This week covered e-Business Cases, around three particular companies, Google, Amazon, and Netflix.
For Google, we looked at the products offered, which are stated at (Google.co.nz, 2015) include:
- Cloud platform-as-a-service (PaaS) and infrastructure-as-a-service (IaaS).
(Google.com, 2015) states that Google’s mission is to:
Google’s mission is to organize the world’s information and make it universally accessible and useful.
Which is reflected in their broad product offering.
Google’s Business Model is primarily advertising, with (Investor.google.com, 2015) stating that for the first nine months of 2014, 90% of revenue came from advertising, and 10% coming from other sources such as the Google Cloud Platform.
Google had a big bet on social, with the creation of their Google Plus platform, which hasn’t been very successful notes (Denning, 2015), with the following quote:
The number of truly active users on Google+ is significantly less than 1% of the total 2.2 billion Google users
And has led to the fragmentation of Google Plus into discrete products such as Google Photos.
(Google.co.nz, 2015) states that Google captures information about you including:
- Information you give them, such as profile information for Google Plus;
- Information gathered through the use of their services like YouTube statistics and interactions with advertising;
- Device information from the device you use to access their services;
- Location information;
- Cookies they’ve stored.
One of the key technologies of Google is the Search Engine. Google has a function called the Knowledge Graph, which (Google.co.nz, 2015) explains:
With the Knowledge Graph, Google can understand the difference, helping you more precisely express what you mean as you enter your search.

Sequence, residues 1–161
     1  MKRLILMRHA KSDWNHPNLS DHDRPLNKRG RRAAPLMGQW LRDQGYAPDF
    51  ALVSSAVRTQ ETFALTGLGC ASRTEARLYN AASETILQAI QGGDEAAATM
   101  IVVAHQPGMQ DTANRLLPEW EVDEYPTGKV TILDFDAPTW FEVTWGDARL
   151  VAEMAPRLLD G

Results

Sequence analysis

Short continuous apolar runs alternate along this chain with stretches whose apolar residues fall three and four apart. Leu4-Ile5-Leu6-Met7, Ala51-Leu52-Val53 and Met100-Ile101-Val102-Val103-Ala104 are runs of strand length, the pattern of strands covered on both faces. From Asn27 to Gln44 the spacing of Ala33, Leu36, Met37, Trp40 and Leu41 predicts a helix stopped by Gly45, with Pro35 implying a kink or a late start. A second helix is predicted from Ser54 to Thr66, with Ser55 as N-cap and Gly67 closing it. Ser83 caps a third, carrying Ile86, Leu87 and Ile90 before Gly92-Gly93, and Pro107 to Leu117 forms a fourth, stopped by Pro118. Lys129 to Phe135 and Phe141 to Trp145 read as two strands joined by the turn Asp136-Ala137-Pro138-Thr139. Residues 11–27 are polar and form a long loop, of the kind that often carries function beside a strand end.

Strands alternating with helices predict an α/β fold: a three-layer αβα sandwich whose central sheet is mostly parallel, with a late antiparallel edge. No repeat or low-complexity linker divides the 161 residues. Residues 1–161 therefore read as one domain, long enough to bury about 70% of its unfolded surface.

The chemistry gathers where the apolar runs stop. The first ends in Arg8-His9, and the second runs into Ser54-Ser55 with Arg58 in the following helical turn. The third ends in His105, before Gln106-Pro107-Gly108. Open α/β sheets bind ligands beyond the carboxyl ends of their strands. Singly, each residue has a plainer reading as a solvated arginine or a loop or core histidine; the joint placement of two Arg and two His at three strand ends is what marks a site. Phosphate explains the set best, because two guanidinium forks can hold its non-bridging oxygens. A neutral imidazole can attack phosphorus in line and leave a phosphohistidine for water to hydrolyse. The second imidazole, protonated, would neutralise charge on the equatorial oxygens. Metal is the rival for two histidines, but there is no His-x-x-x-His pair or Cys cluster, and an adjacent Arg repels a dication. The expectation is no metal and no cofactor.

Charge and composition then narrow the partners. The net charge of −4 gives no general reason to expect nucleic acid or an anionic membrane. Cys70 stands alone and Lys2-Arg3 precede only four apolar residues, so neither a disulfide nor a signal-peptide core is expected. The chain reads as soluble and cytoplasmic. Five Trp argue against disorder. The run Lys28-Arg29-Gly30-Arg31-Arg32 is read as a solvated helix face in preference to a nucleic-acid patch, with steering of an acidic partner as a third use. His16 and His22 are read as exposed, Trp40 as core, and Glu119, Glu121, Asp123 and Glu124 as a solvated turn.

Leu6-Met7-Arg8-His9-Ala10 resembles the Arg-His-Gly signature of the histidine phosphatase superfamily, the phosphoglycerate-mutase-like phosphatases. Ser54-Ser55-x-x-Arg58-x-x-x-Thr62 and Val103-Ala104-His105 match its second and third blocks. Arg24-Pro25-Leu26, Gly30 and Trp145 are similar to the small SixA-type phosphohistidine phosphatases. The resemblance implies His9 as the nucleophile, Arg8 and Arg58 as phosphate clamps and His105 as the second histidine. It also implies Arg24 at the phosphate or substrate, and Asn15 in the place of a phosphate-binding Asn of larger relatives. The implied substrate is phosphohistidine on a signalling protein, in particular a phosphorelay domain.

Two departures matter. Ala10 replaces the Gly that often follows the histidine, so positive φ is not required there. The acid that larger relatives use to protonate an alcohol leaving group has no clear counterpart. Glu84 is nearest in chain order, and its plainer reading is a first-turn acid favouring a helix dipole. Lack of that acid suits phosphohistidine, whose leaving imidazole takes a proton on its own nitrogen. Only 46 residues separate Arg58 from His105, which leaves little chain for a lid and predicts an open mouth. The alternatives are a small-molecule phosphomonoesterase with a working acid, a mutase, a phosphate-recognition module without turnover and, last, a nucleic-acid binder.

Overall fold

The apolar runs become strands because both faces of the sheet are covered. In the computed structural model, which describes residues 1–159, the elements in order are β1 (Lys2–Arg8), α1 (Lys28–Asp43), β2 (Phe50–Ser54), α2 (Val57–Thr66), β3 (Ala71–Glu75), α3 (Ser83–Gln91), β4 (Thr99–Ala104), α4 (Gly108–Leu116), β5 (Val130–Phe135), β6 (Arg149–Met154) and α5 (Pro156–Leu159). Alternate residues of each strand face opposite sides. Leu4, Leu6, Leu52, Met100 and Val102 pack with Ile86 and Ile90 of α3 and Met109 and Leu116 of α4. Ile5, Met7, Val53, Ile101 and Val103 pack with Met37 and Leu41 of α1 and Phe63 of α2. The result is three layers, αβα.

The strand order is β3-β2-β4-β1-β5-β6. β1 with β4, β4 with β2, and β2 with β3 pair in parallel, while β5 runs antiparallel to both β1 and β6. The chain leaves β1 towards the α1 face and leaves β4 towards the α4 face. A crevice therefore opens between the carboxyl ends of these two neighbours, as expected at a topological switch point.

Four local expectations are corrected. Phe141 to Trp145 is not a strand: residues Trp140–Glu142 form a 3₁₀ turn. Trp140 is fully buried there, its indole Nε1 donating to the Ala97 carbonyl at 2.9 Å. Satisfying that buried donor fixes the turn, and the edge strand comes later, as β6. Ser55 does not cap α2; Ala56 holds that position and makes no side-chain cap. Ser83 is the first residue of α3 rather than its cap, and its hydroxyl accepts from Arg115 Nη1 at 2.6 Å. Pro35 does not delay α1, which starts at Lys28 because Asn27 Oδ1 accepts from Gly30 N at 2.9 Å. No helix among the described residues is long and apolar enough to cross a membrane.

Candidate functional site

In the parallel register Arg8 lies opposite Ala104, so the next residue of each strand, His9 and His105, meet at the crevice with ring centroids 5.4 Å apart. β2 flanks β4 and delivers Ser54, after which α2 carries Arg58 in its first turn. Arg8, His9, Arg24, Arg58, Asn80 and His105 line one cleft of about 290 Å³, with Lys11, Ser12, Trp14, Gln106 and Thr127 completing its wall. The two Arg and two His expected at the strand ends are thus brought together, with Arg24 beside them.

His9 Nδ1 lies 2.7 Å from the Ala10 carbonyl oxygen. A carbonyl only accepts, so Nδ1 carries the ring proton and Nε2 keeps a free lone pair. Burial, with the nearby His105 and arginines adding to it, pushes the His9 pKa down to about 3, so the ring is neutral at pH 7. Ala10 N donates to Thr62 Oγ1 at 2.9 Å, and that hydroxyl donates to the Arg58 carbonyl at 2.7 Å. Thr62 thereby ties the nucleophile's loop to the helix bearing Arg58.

The Knowledge Graph is how Google can determine that when you search for weather, that when combined with your location, you want the results for the weather in Wellington for the next few days.
Of course, all sites look much the same on the Internet. So in order to provide trust to results, a social component is added, Recommendations through Google Plus, or other platforms like Yelp! for restaurant reviews. These Social recommendations allow users to determine if a site is trustworthy, with the number of users recommendations used a proxy about whether to trust a recommendation.
In the past, search engines competed with directories, including physical world equivalents such as the Yellow Pages. But directories only ever provide a static view towards looking up information at another site. Google with the Knowledge Graph has started to interpret queries, and return results directly without pointing to other websites. For example, searching for “convert 100 usd to nzd” returns back an actual conversion based on a conversion rate, rather than a directory, which would only direct you to a currency conversion website.
As (Investor.google.com, 2015) states, advertising is the big revenue earner at Google. Google has the attention of the world, and as (Solveforinteresting.com, 2015) notes:
Converting money to attention is simply advertising.
Google.co.nz,. (2015). About Google – Products. Retrieved 16 July 2015, from https://www.google.co.nz/about/products/
Google.com,. (2015). About Google. Retrieved 16 July 2015, from http://www.google.com/about/
Investor.google.com,. (2015). Retrieved 16 July 2015, from https://investor.google.com/earnings/2014/Q3_google_earnings_tab6.html
Denning, S. (2015). Has Google+ Really Died?. Forbes. Retrieved 16 July 2015, from http://www.forbes.com/sites/stevedenning/2015/04/23/has-google-really-died/
Google.co.nz,. (2015). Knowledge – Inside Search – Google. Retrieved 16 July 2015, from http://www.google.co.nz/search/about/insidesearch/features/search/knowledge.html
Solveforinteresting.com,. (2015). The three currencies of the online economy – Solve for Interesting. Retrieved 16 July 2015, from http://solveforinteresting.com/the-three-currencies-of-the-online-economy/